Juxtaposed to this personal austerity is a pervasive social informality. The travelers recognized the lack of decorum as the direct result of a pragmatic, democratic society. However, they never saw its conflict with the stern personalities of the Americans. Alexander Farkas is astonished and pleased with what he regards as a lack of "surface veneer." When he pays a visit to President Jackson he is overwhelmed with the absence of decorum. "His simple manners and friendly behavior made us forget we were talking to the chief executive of thirteen million people" (183).
The other upper class travelers, even though they wish that the Americans were more loose and jovial, are disturbed by the lack of formality in American society.
"It is the invariable custom in this country for all the passengers of a stage-coach to eat at the same table, and the time allowed for meals is so short, that unless John dines with his master, the chances are that he goes without dinner altogether. I had already learned that, in the United States, no man can put forward pretensions to superiority of any kind, without exciting unpleasant observation" (Hamilton, 226).
"One of the greatest discomforts of a boarding house, to me at least, is the difficulty of finding fault when the lady sits at the head of the table as one of the company" (Hall, 255).
Physical appearance may not seem like a subject worthy of mention, but as stated above, there topics have been induced by the travelers journals and not an external force. Since almost all of the tourists feel it necessary to mention the appearance of the Americans, then it merits inclusion. Most of the travelers found American women to be coarse and ugly, but more consistently, they found the whole population to have a sallow look about them. These observations come from different classes, nationalities and sexes and yet, they are surprisingly similar. While Gustorf simply states that American women are ugly, the others try to pinpoint why.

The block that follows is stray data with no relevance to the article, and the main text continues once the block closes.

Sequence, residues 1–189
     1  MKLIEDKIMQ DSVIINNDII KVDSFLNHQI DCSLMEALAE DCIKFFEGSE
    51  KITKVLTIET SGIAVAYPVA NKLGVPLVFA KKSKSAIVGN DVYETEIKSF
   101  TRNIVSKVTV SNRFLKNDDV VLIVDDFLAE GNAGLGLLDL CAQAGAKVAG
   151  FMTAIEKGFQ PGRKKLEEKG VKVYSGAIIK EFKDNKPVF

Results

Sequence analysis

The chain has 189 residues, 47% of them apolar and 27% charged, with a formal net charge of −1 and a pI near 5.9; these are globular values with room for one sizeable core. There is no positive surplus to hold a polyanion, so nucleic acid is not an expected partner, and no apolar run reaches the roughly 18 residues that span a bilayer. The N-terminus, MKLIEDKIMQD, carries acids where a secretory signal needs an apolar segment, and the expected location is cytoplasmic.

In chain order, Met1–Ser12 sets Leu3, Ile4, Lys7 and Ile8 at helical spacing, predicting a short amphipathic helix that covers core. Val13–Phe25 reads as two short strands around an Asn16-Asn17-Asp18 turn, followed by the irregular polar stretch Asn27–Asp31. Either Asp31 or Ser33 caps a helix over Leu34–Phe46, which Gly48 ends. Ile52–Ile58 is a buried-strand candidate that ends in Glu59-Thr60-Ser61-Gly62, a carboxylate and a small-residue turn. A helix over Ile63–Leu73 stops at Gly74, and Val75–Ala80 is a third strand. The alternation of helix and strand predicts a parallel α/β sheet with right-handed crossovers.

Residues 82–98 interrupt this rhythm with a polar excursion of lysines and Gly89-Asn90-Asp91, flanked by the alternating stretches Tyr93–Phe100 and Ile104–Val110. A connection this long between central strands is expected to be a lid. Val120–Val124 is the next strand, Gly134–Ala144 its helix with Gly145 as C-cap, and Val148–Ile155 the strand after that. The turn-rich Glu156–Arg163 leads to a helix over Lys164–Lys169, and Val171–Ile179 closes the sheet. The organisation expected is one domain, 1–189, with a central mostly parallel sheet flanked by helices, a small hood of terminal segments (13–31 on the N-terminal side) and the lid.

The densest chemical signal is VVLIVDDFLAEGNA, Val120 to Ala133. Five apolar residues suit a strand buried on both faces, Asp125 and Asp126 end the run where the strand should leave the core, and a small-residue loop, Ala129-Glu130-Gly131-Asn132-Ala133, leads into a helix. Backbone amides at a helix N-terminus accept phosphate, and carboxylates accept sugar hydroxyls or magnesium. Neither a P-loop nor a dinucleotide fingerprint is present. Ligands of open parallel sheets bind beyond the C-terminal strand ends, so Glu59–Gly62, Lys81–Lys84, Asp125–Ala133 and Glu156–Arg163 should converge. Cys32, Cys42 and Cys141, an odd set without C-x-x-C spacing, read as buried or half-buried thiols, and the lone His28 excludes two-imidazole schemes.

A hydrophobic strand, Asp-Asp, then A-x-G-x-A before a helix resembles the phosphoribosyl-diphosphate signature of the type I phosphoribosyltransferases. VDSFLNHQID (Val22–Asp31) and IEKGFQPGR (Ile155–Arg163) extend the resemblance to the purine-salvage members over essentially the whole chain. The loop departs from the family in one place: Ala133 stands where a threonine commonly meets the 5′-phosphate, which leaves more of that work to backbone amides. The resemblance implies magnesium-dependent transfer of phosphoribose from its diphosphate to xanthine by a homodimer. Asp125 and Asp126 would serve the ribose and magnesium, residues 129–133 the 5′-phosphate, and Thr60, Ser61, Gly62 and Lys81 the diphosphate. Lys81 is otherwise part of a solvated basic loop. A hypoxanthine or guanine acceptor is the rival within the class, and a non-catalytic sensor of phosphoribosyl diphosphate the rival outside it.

"The greater sallowness of complexion here is attributed to the want of humidity in the air" (Lyell, 108).
"The women here, like those of most warm climates, ripen very early and decay proportionately soon" (Kemble, 30).
"But the climate is deadly and pestial; they are worn and sallow" (Hamilton, 331).
Another marked observation on physical appearance is the bad posture of American men that both Margaret Hall and Thomas Hamilton notice at West Point.
"I might also observe, that in the carriage of the cadets was less soldierlike than might be wished. In most of them I remarked a certain slouch of the shoulders...in truth the remark is applicable to the whole population" (Hamilton, 389).
"They hold themselves precisely inverse from the carriage of English Militiamen. Their chests one and all are concave instead of convex and this applies to every American of the male species that I have yet seen" (Hall, 37).
These comments were not just the result of the two travelers viewing the same set of sorry cadets, as their visits were separated by three years.